• 2069819

Educating children on careers in sport

Updated: Apr 24

Traditionally PE has been seen as a less academic subject than others at school. Both students and parents have been quick to dismiss PE in favour of subjects such as Maths and English because they are more important in terms of getting into higher education. Even as a child that loved sport, I never considered PE as a GCSE option because the only use it seemed to have would be if you wanted to be a PE teacher. I even chose to skip the last few PE lessons of the year to focus on my exam revision.

Sports has been pushed aside as an extracurricular activity and not something that can be pursued as a career. If we are to teach students that there are options available to pursue in the field of sport then we need to remove the stigma that PE and sports are lesser subjects than the rest.

No one ever needs to be told the benefits of subjects such as Maths, Science and English as they are known as ‘core’ subjects that can be carried over for higher education and work experience. However, both students and parents often need to be convinced of the benefits of PE. Aside from the obvious health benefits, if we look at sports from a more academic perspective, it gives students the opportunity to learn more about the anatomy of their bodies and combine science with physical education. Not only would this translate across to science, but also opens the door to certain sports science career paths.

Likewise, engaging in team sports builds community spirit, teamwork and leadership skills. These are essential not just in sports careers, but also in most other jobs where you are required to work as a team.

There are several options for a career in sport that many students aren’t usually advised on. Aside from PE teaching, there are several other careers available for people interested in sports that could be advised to students. Here are a few options that include:

  • Sports psychologist

  • Sports journalism

  • Strength and Conditioning coach

  • Sports physiotherapist

  • Dietician/Nutritionist

  • Sports scientist

One of the best things about studying sport is that it can be connected to other subjects. For example, students interested in sports journalism can combine their passions of English and sport. Those interested in sports physiology can blend with chemistry and psychology for sports psychology. These are ways we can implement the idea that sports and physical education are just as vital to learning as other subjects.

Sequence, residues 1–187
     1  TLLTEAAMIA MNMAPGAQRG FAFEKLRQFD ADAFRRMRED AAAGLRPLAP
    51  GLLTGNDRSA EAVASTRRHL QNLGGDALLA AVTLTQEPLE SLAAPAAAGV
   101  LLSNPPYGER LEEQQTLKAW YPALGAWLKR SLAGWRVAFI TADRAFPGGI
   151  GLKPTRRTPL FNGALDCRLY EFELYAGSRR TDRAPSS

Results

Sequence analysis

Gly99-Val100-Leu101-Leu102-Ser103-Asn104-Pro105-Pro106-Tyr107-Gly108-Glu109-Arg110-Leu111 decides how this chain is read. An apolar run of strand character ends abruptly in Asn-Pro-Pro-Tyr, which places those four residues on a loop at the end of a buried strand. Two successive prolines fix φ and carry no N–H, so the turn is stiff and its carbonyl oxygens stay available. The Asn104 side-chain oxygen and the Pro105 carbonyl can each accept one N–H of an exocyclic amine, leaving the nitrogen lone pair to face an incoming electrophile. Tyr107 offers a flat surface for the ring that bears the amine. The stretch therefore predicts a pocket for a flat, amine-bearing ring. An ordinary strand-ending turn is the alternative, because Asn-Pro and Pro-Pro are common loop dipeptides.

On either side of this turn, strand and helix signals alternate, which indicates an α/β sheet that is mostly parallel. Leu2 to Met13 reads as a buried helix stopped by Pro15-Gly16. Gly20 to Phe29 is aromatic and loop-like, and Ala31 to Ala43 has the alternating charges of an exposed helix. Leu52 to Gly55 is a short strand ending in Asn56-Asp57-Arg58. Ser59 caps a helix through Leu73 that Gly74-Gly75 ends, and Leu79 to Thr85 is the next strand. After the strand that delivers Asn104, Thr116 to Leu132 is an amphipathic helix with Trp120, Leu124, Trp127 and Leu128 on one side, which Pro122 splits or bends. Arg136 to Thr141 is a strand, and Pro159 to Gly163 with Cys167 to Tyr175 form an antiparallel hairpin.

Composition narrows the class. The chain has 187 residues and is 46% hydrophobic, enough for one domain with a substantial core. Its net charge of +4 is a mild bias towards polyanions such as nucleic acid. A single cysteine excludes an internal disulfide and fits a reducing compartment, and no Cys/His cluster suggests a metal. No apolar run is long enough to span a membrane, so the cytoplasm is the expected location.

In school, some of the ways we are taught about career options include career days, citizenship classes and advice from our teachers. However, most of the time students are told to look into traditional jobs such as nursing, teaching and managerial office jobs. If sports specific jobs are discussed, the only option often recommended is PE teaching. One way of offering more options and insight into the sports industry is by bringing people from different sports careers into the schools to talk to students. Not only would this give them options, but it might always help them to take physical education more seriously.

Another option would be to expand the PE curriculum. Instead of planning lessons solely on the physical aspects of sport, students could also learn about the theory. This may include anatomy and physiology, designing exercise programmes and studying special populations. There could also be the option to tap into areas such as nutrition so the students have a better understanding of how diet can impact performance. On another note, with the growing obesity pandemic, including education of nutrition into the student’s classes might also be a way to help them make healthy food choices and improve their lifestyle.

Physical education for most people is looked on as a secondary subject in the British education system. However, if we are to increase the chances of a healthy lifestyle from our students in the future, and give them more of an insight into the sports jobs available then this needs to be addressed. We need to break the stigma that physical education is less important than other subjects and show students who take an interest in the subject, what options are available to them.

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